OTB Roundtable On Afghanistan (Doug Mataconis)
Dave, James, and Alex all did an excellent job this morning of laying out the various problems with America’s current strategy in Afghanistan. I don’t have much to add to their points, but I do think its worth taking note of a new Rasmussen poll that shows that public support for the Afghan War is once again falling:
A massive suicide bombing last week pushed the number of U.S. casualties in the war in Afghanistan over the 1,000 mark, and voter confidence in America’s handling of that war continues to fall.
A new Rasmussen Reports national telephone survey finds that only 41% of Likely U.S. Voters now believe it is possible for the United States to win the nearly nine-year-old war in Afghanistan. Thirty-six percent (36%) disagree and say it is not possible for America to win the war. Another 23% are not sure.
Just before President Obama announced his new strategy for the war last December, only 39% thought a U.S. victory was possible, while 36% disagreed. But confidence that America can win jumped to 51% after the president’s highly-publicized strategy was declared. But support began to decline after that.
In fact, 48% now say ending the war in Afghanistan is a more important goal than winning it. Forty-two percent (42%) place more importance on winning the war. Voters have been almost evenly divided on this question for months.
The most interesting thing about the decline in support for the war is the fact that, for the most part, the war itself has not been at the top of the public agenda for months now. Even the reports of new casualties are typically relegated to short piece on the evening news, or the interior pages of the newspaper. There haven’t been any “bring the troops home” protests that are in any degree comparable to the protests during the height of the Iraq War. In fact, during the years that public support for the Iraq War was steadily declining, support for the War in Afghanistan remained relatively steady, partly because of the perception that the war was a necessary part of the “War on Terror.”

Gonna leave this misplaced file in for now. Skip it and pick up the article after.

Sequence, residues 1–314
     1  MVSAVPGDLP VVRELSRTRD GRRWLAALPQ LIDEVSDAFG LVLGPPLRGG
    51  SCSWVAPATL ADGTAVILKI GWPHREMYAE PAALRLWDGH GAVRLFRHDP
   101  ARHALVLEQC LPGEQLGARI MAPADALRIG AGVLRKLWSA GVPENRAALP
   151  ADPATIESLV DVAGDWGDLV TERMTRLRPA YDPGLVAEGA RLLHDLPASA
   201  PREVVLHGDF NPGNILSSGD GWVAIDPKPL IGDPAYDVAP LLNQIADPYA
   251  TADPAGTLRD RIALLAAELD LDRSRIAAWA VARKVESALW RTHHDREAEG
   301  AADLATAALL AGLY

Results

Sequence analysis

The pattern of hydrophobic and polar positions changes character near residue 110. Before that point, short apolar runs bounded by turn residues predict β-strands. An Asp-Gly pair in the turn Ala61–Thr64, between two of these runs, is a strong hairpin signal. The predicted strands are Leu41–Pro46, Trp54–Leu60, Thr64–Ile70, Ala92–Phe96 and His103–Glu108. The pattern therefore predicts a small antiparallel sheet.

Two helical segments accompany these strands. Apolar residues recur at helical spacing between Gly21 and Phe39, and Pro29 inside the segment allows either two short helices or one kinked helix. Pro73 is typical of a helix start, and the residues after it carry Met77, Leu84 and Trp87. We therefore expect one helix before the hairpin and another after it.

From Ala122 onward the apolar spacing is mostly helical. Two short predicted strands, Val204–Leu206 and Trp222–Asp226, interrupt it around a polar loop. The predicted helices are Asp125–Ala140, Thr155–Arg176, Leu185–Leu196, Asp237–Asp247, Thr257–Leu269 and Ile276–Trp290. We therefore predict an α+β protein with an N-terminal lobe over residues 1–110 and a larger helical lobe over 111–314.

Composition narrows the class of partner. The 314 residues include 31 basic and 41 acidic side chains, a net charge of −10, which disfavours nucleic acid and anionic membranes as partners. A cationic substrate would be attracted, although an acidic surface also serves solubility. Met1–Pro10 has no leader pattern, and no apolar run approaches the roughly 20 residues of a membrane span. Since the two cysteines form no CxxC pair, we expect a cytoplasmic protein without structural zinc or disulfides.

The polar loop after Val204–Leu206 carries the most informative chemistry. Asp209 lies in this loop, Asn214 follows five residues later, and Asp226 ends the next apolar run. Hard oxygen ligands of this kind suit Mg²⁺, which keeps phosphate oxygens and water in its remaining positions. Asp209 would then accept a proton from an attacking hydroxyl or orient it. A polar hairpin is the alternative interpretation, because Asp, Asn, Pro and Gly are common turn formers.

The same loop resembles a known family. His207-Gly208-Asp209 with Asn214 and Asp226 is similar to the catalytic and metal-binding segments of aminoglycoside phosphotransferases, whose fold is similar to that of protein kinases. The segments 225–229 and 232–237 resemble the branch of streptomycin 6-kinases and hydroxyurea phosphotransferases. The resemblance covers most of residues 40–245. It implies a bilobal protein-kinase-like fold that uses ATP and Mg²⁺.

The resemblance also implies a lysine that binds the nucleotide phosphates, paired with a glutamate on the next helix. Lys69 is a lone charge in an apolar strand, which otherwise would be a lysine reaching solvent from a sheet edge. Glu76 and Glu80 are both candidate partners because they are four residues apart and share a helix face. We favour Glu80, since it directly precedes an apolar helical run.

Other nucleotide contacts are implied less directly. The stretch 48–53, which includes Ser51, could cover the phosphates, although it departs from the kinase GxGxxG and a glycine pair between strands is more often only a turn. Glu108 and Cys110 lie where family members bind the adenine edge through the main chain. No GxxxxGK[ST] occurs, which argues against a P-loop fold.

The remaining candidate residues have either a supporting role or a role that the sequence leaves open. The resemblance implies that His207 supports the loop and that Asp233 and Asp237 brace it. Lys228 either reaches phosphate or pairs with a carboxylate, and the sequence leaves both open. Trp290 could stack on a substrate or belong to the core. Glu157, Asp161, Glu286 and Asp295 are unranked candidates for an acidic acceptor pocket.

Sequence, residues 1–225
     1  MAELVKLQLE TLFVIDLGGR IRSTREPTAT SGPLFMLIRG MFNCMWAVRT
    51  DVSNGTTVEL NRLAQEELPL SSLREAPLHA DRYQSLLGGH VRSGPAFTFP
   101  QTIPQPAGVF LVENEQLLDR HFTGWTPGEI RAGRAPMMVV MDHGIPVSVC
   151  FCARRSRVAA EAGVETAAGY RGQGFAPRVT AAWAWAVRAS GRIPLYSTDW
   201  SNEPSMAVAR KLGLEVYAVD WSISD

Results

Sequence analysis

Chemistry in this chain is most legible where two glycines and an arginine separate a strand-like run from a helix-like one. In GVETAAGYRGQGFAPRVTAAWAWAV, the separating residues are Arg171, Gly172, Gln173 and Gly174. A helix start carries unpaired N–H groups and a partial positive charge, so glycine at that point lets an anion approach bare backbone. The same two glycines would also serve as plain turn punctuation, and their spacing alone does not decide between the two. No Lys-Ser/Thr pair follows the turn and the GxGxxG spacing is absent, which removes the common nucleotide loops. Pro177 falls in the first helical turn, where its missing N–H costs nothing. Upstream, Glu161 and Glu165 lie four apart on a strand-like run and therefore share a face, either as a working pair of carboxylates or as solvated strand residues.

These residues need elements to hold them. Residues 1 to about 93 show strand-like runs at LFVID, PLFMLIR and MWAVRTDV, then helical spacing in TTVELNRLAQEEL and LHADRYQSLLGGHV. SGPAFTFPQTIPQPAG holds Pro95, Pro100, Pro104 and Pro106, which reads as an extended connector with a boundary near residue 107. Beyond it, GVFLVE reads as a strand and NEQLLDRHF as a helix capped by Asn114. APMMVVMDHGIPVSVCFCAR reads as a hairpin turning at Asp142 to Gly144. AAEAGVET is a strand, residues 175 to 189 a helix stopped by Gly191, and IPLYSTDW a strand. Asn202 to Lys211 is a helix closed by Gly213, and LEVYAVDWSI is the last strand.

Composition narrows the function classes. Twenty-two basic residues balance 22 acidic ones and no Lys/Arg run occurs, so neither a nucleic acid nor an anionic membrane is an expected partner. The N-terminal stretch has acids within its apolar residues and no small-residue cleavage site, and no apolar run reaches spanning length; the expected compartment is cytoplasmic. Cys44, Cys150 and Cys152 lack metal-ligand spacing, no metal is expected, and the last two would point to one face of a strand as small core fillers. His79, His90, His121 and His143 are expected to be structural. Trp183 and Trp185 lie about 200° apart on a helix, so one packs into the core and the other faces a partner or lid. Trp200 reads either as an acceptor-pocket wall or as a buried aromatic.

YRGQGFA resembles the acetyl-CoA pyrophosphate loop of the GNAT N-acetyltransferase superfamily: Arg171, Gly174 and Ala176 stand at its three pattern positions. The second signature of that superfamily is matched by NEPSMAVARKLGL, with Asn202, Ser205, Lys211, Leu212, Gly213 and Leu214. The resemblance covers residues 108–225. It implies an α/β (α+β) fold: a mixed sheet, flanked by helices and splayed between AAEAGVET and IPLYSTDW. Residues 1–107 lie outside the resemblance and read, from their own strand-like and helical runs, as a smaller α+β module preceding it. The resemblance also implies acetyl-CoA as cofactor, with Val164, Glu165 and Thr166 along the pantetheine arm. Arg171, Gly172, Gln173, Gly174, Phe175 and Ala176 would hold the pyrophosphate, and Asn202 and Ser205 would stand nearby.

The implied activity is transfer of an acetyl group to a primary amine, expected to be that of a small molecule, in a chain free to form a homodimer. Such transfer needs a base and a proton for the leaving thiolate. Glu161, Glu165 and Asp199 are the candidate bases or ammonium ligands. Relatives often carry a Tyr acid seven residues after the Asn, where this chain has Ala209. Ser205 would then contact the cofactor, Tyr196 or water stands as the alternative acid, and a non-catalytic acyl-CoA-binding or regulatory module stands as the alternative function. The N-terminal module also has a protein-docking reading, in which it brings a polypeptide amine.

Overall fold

So why has it declined?
Several factors come into play, I think. The length of the war itself, and the overall public weariness that creates is certainly a part of it, but I would suggest that a significant factor is the growing perception that Afghanistan no longer has as much to do with the fight against al Qaeda as it did in 2001, and that our continued presence there is only serving to keep in power a regime of questionable legitimacy and questionable loyalty. Combine that with the fact that neither the Bush Administration nor the Obama Administration have ever provided the public with a clear idea of what “victory” in Afghanistan means, and you’ve got all the factors you need for a war that the public can do without.
Politically, this is interesting because it suggests that President Obama would not pay a significant political price for reversing his previously announced strategy and going forward with a withdrawal. Yes, the opposition will say he’s doing a “cut and run,” but even that may not be as big a problem as some might think because it’s becoming clear even Republicans are having doubts about the war.
The ball is in the President’s court. General McChrystal has been quoted in recent weeks as saying that the war is essentially a stalemate at this point, and it seems to me that a stalemate in this type of conflict works to the advantage of the enemy. Perhaps it’s time we considered getting out.
The rest of the series: